Is Paulownia Wood Good for Guitars? How Does It Compare?

Author: Dedrich Schafer | Updated: | This post may contain affiliate links.

Guitars are made from a wide variety of different woods. Rosewood, maple, mahogany, and basswood are just some of the most popular woods used to make guitar bodies and necks.

But with regulations like CITES that limit or even ban the use of certain woods, many guitar companies have had to look for alternatives. Paulownia is one such alternative that is quickly gaining popularity.

But what is paulownia and how does it compare to other woods? That is what I want to talk about today and shed some light on this wonderful wood.

What is Paulownia?

Paulownia is a hardwood that originates from Asia. Mostly grown in China, Laos, and Vietnam, it is also quite common in Japan and Korea. It is also sometimes called the “Princess Tree”.

It has a fairly light grayish-brown color with a straight grain and coarse texture. Paulownia has been used in traditional Asian instruments like the guqin, koto, and gayageum for centuries before making the jump over to guitars.

Paulownia is quite comparable to basswood and alder.

Sustainable and Easy to Work With

Even though paulownia is classified as a hardwood, it is fairly soft. This makes it great to work with because it is easy to cut and shape.

It also takes paint, stain, and glue really well. This means that a wide variety of finishes can easily be applied to a paulownia body, making it ideal for customizing with colors and finishes.

Because of its widespread abundance, paulownia is not on the CITES list of protected woods. This means that paulownia trees can be harvested in larger numbers which helps to make it a fairly inexpensive wood.

Paulownia also grows quicker than many other trees. They take less than ten years to reach maturity. This also makes them quite sustainable.

The Sound of Paulownia

As I mentioned, paulownia is comparable to basswood and alder. You could almost call it a mix between the two.

This mix results in a mellower tone overall. Paulownia’s attack isn’t as sharp as alder’s, but it isn’t as soft as basswood. It also isn’t quite as bright

Basswood and alder have a bit more weight in the bottom end, while paulownia isn’t as bottom-heavy. Paulownia is actually much more balanced across the whole frequency spectrum.

The resonance of paulownia is also about the same as both basswood and alder. All of this actually makes paulownia a bit more versatile than its two more popular cousins.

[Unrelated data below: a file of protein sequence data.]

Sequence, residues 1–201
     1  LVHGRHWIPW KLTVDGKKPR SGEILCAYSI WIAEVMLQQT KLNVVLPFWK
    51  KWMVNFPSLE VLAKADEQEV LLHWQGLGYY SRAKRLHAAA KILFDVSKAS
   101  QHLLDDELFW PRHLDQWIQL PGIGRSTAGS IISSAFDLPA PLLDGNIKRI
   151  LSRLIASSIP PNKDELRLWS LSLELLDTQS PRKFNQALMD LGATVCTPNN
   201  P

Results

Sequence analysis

Paulownia isn’t as responsive as basswood, and especially alder. While you can certainly play fast melodies and solos on a paulownia guitar, chords are really where it stands out more.

Its mellower tone makes it great for genres like jazz, blues, and country. While you can play heavier music like rock with a paulownia guitar, it is better suited to softer genres.

Its reduced attack and responsiveness also mean that it works much better as a rhythm guitar rather than a lead. Fast solos don’t pop quite as much, but chords and slower melody lines have a lot of color and character.

Paulownia’s Feel and Playability

Paulownia is a very lightweight hardwood. This makes it the ideal guitar wood for anyone who plays for extended periods. Cover band guitarists who regularly play shows that consist of multiple long sets will surely appreciate paulownia’s weight.

Because of paulownia’s coarseness, it might also cause some irritation while playing. I would highly recommend getting a paulownia guitar that already has at least a finish applied or applying a finish yourself.

The softness of the wood is also a bit of a concern. While it doesn’t feel too fragile, many people have claimed that paulownia guitars tend to scratch and dent much easier than other woods. A strong finish might help to protect the wood, but I would certainly exercise caution.

Conclusion

As an alternative to basswood and alder, paulownia is more than capable. It is no wonder that companies like Suhr are investing heavily in paulownia for their guitars.

I expect woods like paulownia to only become more popular as more and more people try them out. And I am honestly excited to see what other woods start popping up in guitar bodies and necks.

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About Dedrich Schafer

Dedrich is a guitar player, songwriter and sound engineer with extensive music production and studio experience. He mostly listens to classic rock and punk bands, but sometimes also likes listening to rap and acoustic songs.

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